Ferdinand du Puigaudeau

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Ferdinand du Puigaudeau is a French painter. He was born in Nantes on 4 April 1864 and died in Croisic on 19 September 1930.


As a young boy, du Puigaudeau was close to his uncle Henri de Chateaubriant, who encouraged his artistic pursuits. His education was traditional and he studied at various boarding schools from Paris to Nice. In 1882, du Puigaudeau travelled to Italy, then to Tunisia, and taught himself to paint. The first work which can be safely attributed to du Puigaudeau was dated 1886, the year he visited Pont-Aven where he befriended Charles Laval and Paul Gauguin with whom he decided to travel to Panama and Martinique, but was unable to do so as he was called up for military service[1] In 1890, he presented one of his works at the Salon of the Société Nationale des Beaux Arts at a time when his father had introduced him to the dealer Paul Durand-Ruell. He got married on 7 August 1893 in Saint-Nazaire, and had one daughter named Odette. In 1895 he settled down in Pont-Aven for three years. After falling out with Durand-Ruell in 1903, he visited Venice in 1904 where he produced many canvases but subsequently returned to Batz-sur-Mer with serious financial problems. 1907 saw him move into the manor house of Kervaudu in Le Croisic which had been loaned to him by friends. The Great War of 1914 isolated him from the rest of the world. Degas himself called him "the hermit of Kervaudu" due to his secluded and solitary existence. In 1919 he began to prepare an exhibition in New York, and worked on it for four years, but it was cancelled at the last minute. This failure had dire repercussions and he fell into a state of depression and alcohol abuse. He died on 19 September 1930[2]

Du Puigaudeau's paintings depicting scenes in Brittany[edit]

He painted many Breton scenes and was fascinated with the tradition of the pardon with its processions and rituals, as indeed were many artists over the years. He also favoured painting studies of Breton women.[3] Some paintings are shown below and his fascination with the effects of light are evident in his use of flickering candlelight.

Painting of a nighttime procession at Saint-Paul de Leon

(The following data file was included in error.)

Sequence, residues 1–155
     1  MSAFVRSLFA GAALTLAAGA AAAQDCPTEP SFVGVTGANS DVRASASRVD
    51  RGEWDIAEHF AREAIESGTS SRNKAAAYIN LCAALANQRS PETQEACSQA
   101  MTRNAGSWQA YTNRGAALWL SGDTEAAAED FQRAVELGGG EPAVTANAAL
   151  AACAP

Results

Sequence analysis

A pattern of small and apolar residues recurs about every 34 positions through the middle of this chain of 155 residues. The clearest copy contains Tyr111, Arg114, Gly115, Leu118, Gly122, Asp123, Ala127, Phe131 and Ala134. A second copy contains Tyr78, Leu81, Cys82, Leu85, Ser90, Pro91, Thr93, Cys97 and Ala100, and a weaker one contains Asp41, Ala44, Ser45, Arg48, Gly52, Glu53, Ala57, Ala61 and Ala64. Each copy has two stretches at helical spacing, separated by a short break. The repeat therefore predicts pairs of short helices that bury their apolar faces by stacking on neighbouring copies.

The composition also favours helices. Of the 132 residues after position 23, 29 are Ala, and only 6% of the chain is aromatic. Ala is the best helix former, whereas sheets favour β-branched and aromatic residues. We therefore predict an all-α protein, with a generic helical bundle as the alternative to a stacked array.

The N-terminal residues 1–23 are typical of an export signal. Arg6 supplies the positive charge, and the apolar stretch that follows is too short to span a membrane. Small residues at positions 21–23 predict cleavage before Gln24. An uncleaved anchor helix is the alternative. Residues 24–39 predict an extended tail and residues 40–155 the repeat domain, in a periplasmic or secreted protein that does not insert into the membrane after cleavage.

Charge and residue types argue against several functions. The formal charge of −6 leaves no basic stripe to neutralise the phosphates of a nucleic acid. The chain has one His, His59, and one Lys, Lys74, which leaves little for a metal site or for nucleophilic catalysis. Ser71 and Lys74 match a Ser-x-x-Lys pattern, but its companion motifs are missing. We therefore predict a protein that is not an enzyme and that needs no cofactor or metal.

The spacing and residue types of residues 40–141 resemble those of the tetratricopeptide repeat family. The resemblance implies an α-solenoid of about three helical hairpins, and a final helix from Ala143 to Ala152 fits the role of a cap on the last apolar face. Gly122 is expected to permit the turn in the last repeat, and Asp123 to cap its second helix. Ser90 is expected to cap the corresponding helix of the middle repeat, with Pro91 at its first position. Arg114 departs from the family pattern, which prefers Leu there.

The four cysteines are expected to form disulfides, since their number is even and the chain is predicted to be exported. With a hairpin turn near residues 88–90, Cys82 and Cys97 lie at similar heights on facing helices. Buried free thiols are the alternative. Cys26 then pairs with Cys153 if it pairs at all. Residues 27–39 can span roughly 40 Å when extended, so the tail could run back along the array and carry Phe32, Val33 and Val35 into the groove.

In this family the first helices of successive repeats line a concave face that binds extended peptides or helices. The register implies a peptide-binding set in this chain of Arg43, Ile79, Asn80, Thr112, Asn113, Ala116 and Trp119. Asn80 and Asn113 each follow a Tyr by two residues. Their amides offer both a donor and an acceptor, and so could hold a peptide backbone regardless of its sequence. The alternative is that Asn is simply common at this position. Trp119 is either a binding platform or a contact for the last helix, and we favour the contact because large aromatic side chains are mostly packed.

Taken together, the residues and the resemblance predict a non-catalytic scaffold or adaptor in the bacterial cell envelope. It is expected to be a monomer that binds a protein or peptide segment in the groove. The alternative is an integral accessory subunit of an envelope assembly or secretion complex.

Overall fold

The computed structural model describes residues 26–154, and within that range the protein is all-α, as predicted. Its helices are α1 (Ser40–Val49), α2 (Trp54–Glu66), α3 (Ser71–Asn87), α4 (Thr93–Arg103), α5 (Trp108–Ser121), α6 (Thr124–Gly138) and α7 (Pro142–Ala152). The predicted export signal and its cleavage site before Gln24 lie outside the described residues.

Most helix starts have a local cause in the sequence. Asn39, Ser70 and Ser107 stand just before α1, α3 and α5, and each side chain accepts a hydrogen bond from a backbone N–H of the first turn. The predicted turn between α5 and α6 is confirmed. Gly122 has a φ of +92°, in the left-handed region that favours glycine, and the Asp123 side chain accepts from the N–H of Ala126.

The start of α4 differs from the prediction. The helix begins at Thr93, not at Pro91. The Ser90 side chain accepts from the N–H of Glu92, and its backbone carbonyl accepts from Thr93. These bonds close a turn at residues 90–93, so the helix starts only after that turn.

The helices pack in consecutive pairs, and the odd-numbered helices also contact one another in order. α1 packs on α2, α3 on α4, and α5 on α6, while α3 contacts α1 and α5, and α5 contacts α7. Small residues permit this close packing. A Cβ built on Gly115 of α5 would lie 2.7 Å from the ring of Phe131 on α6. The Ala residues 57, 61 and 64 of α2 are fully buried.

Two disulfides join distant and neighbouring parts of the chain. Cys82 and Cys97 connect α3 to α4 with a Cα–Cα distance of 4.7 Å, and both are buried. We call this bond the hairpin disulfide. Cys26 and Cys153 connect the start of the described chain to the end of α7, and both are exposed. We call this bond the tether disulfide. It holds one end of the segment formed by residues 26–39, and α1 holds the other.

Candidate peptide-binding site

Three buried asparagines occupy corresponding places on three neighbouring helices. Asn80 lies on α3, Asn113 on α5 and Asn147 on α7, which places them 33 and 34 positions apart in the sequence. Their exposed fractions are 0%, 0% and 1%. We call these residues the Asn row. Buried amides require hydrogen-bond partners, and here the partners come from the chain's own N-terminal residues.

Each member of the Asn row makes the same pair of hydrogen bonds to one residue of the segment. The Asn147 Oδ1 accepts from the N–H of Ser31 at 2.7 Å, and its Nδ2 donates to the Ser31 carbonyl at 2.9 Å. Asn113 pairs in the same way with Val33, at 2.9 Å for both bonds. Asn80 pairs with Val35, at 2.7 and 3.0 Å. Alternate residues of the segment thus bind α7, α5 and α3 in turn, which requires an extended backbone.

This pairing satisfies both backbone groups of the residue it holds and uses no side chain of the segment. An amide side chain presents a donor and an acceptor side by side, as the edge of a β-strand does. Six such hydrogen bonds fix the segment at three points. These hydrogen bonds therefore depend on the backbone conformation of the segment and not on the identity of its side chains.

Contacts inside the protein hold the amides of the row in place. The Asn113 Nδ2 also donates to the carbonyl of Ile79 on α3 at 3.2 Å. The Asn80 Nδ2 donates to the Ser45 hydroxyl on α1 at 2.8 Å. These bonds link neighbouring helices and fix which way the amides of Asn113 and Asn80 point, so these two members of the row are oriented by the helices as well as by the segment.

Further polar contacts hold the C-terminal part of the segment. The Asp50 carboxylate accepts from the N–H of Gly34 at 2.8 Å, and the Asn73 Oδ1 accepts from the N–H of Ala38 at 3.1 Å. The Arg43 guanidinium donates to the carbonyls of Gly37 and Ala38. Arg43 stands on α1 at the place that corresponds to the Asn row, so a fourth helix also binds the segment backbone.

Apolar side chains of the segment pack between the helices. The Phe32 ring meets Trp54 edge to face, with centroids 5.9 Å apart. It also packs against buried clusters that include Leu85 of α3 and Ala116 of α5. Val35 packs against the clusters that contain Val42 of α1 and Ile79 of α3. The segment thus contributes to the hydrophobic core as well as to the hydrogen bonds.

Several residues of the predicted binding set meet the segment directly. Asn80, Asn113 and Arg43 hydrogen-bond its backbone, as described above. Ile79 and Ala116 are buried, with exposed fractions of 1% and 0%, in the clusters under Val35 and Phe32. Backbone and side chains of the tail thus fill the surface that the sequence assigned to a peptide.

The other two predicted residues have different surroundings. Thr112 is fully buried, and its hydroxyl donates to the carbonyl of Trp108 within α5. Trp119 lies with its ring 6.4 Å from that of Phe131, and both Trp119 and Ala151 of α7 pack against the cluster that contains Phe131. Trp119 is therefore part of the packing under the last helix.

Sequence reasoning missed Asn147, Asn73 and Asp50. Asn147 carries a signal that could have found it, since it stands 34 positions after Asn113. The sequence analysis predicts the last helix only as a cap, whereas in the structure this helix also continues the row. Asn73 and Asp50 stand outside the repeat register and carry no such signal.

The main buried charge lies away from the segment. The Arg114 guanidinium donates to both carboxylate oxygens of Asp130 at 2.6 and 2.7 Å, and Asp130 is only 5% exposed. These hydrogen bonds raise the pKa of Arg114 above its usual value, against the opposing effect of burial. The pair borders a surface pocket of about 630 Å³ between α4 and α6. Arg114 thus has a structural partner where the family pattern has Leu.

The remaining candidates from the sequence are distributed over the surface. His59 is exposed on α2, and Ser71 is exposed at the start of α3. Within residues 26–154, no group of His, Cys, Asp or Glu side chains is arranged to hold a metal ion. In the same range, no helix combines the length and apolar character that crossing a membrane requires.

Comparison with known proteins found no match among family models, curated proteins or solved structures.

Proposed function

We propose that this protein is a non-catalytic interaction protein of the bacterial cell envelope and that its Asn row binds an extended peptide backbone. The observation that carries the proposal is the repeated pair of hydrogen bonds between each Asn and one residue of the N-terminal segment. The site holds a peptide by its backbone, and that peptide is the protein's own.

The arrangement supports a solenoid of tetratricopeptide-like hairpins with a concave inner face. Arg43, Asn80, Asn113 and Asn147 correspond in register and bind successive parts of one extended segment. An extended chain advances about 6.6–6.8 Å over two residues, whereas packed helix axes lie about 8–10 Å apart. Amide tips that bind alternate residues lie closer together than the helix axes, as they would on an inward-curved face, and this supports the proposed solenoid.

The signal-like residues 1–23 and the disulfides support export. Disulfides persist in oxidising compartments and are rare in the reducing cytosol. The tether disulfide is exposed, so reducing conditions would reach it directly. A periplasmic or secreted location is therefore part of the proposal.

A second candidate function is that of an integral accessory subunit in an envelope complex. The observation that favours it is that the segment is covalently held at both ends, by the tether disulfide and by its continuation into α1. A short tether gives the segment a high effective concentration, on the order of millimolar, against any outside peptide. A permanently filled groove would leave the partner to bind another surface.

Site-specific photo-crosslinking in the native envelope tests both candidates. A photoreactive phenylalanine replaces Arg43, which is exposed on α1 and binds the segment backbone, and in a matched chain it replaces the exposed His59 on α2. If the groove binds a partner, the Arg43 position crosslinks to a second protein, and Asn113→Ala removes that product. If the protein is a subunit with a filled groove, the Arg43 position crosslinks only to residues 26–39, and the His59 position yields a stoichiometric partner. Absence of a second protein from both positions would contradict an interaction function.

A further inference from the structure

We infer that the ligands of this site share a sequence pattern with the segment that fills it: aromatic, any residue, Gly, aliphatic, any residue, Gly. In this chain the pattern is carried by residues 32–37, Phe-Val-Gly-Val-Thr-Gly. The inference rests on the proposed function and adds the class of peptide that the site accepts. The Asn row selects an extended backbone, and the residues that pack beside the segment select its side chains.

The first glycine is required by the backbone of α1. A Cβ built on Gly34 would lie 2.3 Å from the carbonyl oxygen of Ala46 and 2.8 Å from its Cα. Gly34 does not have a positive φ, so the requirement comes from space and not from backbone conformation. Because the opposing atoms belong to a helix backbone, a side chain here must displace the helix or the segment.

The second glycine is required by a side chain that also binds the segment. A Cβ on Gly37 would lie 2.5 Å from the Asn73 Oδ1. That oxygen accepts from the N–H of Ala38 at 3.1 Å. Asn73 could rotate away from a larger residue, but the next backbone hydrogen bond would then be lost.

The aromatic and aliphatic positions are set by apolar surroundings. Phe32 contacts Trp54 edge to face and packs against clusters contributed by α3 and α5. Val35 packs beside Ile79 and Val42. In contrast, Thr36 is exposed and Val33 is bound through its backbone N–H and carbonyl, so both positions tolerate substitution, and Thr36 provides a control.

Two Breton girls reading
A church procession at Nenvic
Three Breton girls light candles before a procession. Puigaudeau brilliantly recreates the light from the candles

Puigaudeau paintings in art galleries/museums[edit]

Puigaudeau paintings can be seen in the following art museums.

  • Indianapolis Museum of Art, Indiana, USA
  • Madrid ; Thyssen-Bornemisza Museum. This museum hold the painting '"Night Fair at Saint-Pol-de-Leon'" which dates to 1894 to 1898.
  • Morlaix ; Musée Jacobins, France
  • Nantes ; Musée des beaux-Arts. Here one can see the painting '"Le Menhir, Pol'"
  • Quimper. Musée des beaux-Arts. Here hang "'Paysage à la chaumière"' and "Paysage avec arbres"
  • Saint Nazaire ; Musée de Saint Nazaire.
  • Musée de la Cohue|Musée des beaux-arts in Vannes. Here one can see the paintings '"Clair de lune en Brière" and "Office du soir" or "Calvaire de Rochefort-en-Terre"


There have been two exhibitions of du Puigaudeau works

  • In March- June 1998 at the Musée de Pont-Aven[4]
  • In November 1998 to January 1999 at the Musée des Jacobins, Morlaix


  • *"Ferdinand du Puigaudeau. Catalogue Raisonné" by Antoine Laurentin. Editions Thierry Salvador, Paris, 1989.
  • "Gauguin and the Impressionists at Pont-Aven" by Judy LePaul. Abbeville Press, New York, 1987.


Other du Puigaudeau works include "Scène nocturne de village breton", "Le calvaire de Rochefort-en-terre ou l’office du soir", "La lanterne magique ou le Czar à Paris-Panorama" and "Le manège nocturne".[5]



  1. ^ "Some biographical notes". Retrieved 7 December 2015.
  2. ^ "Biiographical information". Retrieved 7 December 2015.
  3. ^ "Paintings of Breton women". Retrieved 8 December 2015.
  4. ^ "Details of exhibition held at Pont-Avon". Archived from the original on 3 December 2010. Retrieved 8 December 2015. Cite uses deprecated parameter |deadurl= (help)
  5. ^ "Further works by du Puigaudeau with images" (PDF). Retrieved 8 December 2015.